By Lucy Ruscitto | Staff Writer
Nationwide, companies are working to help students who utilize their services by offering exclusive deals, discounts and free services due to the unexpected effects of COVID-19.
Last week, Frontier Airlines announced that students could receive a special deal by using an “.edu” email address to fly free due to recent changes in the college system because of the effects of COVID-19.
Students who sign up for the “Discount Den” subscription program, they receive a $100 voucher for future travel. All fights through May 31, 2020, are eligible for this deal.
Last week, many airlines waived their exchange fees in order to accommodate those flying into heavily impacted COVID-19 pockets, or just changed plans in general.
For college students, this has become an issue with the announcement of the immediate evacuation of residence halls, canceled spring break trips as well as unexpected decisions to stay at home until August.
A plethora of U.S. airlines are working to accommodate travelers during these unusual situations.
Robin Hayes, CEO of JetBlue, along with many other airline CEOs, have decided to take major pay cuts of 20%, in order to keep their businesses afloat and get travellers where they need to go.
“I mean, our January and February was really good, and we started seeing the impact around Feb. 25. In the U.S. industry, we saw about a 30% drop-off in traffic around 9/11. This is probably even worse than that,” Hayes said in a CBS interview last week.
For example, JetBlue Airways has removed all cancellation and change fees through April 30 and are asking for customers to just pay the difference in ticket, if applicable.
Scottsdale, Ariz. freshman Josh Williamson said he had his own opinions about student travel due to COVID-19.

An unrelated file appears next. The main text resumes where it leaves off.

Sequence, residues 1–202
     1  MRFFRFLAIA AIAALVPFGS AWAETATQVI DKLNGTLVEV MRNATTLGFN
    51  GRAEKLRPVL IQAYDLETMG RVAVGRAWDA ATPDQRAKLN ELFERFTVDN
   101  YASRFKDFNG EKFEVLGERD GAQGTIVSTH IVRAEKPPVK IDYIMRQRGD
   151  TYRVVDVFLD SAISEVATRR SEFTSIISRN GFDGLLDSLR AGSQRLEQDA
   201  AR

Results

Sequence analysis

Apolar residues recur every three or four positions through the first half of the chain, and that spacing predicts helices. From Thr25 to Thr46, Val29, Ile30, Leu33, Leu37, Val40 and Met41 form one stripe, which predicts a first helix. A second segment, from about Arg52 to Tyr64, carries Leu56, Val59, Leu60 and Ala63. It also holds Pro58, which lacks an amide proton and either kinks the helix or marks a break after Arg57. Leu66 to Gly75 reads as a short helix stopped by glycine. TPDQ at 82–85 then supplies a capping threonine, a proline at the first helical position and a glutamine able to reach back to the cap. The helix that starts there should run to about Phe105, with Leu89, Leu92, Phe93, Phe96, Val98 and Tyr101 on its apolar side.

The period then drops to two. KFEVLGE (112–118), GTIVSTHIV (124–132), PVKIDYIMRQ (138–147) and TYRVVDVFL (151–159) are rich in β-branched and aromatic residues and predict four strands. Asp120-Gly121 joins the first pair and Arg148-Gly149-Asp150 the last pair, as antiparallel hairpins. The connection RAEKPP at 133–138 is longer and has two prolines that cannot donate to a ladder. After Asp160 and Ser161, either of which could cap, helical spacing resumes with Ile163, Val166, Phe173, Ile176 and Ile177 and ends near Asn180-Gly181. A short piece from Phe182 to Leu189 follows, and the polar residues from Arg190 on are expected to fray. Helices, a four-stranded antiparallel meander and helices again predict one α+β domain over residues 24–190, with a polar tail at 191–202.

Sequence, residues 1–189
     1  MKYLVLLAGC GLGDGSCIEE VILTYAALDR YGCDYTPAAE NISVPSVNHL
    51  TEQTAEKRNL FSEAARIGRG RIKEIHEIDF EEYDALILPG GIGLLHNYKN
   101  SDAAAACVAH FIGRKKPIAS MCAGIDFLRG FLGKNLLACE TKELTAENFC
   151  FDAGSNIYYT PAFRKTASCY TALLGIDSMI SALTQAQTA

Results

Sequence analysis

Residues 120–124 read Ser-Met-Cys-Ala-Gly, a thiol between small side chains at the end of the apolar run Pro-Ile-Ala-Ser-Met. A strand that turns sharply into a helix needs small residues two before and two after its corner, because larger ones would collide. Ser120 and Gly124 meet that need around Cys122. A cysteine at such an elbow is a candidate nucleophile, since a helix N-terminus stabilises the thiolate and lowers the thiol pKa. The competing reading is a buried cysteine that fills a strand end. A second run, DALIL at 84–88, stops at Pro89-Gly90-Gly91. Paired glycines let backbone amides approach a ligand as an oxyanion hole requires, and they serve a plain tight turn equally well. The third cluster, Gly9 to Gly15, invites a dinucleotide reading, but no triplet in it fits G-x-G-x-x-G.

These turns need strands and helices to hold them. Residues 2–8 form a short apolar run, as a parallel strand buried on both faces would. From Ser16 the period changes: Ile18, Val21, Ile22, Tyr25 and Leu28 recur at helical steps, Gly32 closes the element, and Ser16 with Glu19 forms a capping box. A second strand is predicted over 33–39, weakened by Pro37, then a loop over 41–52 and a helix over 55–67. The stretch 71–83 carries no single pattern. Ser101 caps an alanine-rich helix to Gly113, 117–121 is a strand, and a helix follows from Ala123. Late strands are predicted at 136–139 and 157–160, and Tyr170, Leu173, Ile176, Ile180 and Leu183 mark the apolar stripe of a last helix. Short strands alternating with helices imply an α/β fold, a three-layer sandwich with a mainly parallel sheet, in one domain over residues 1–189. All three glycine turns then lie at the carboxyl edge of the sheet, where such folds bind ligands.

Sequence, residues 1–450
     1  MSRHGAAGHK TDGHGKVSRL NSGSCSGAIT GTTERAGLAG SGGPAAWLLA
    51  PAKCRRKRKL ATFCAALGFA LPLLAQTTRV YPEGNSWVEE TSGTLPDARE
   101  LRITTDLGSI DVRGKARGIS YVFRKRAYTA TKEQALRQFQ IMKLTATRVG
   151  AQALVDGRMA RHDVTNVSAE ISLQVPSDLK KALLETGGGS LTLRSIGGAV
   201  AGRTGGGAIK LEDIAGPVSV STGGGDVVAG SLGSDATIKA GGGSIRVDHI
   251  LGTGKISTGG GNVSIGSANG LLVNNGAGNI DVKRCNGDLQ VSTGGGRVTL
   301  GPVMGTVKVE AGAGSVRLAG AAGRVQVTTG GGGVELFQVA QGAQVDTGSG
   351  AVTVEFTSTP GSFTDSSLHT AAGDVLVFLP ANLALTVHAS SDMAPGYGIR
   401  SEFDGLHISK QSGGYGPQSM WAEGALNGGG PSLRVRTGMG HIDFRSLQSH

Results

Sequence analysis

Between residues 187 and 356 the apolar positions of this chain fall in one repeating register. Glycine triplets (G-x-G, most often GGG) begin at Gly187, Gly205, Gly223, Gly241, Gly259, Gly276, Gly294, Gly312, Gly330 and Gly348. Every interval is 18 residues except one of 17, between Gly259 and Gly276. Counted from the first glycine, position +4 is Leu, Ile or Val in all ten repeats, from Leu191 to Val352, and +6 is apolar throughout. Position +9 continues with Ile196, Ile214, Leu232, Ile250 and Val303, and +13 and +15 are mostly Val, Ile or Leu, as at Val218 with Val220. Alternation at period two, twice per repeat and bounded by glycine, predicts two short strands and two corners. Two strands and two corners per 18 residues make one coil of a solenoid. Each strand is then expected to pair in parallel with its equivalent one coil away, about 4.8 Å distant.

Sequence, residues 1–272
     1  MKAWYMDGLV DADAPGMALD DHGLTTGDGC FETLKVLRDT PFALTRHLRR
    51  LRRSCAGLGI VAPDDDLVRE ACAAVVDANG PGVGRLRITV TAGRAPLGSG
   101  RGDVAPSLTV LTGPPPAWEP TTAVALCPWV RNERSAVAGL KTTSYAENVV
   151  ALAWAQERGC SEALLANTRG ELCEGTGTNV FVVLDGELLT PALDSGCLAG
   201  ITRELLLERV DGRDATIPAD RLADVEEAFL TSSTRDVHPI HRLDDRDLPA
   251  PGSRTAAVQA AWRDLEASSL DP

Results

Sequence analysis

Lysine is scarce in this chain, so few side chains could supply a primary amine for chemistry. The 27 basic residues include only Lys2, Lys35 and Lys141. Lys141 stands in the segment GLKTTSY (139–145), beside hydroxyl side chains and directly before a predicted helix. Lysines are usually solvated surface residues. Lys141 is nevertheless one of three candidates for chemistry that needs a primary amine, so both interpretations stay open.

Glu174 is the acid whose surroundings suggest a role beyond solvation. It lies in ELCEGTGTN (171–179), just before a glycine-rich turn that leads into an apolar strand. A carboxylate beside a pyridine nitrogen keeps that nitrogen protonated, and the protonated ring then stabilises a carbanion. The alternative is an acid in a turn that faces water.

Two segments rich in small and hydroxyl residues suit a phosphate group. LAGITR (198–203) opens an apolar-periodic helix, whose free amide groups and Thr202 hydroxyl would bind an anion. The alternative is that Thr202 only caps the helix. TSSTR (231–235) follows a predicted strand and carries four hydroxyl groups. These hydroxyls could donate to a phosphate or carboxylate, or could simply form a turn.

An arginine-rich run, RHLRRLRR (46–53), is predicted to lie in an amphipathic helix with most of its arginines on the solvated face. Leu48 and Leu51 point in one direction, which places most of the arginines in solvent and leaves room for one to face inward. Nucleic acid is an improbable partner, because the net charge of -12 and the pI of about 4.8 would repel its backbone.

“Personally I wouldn’t use this because my dad has a preexisting relationship with American Airlines and they already offer rewards for frequent flyers. Frontier is hoping that people who see this advertisement are more likely to buy a ticket from them because ‘they help kids connect with their families,’” Williamson said. “If students need to fly back to school to move out, they would need a round trip flight. This means that they would possibly pay for a flight back with Frontier and increase their revenue that they desperately need. Companies usually never make a deal without benefiting themselves in the long run.”
Out of state students can check MarketWatch to see if the airline they use is providing refunds or exchanges.
In addition, many storage services are additionally providing students some additional grace in this time of unexpected change.
President of U-Haul, JT Taylor, sent out a press release in mid-March detailing the company’s plan to assist students in college who are dealing with the unprecedented scheduling changes of their schools with a free storage offer lasting for 30 days.
U-Haul’s “Collegeboxes” can carry students’ personal items and ship them to universities across the nation. As long as students are a new customer to U-Haul and have a student ID, they can utilize this deal.
“Students and their parents are in need of moving and storage solutions. We have the expertise and network to help, and that’s exactly what we’re going to do,” Taylor said in the press release.
Lastly, on March 13, car rental company Enterprise lowered their policy age to ages 18 to 21, for students who have had to adjust their travels.
Originally, the nation’s biggest rental car company charged a fee for drivers younger than 25, but has since been waived due to the adjournment of college classes on-campus across the country.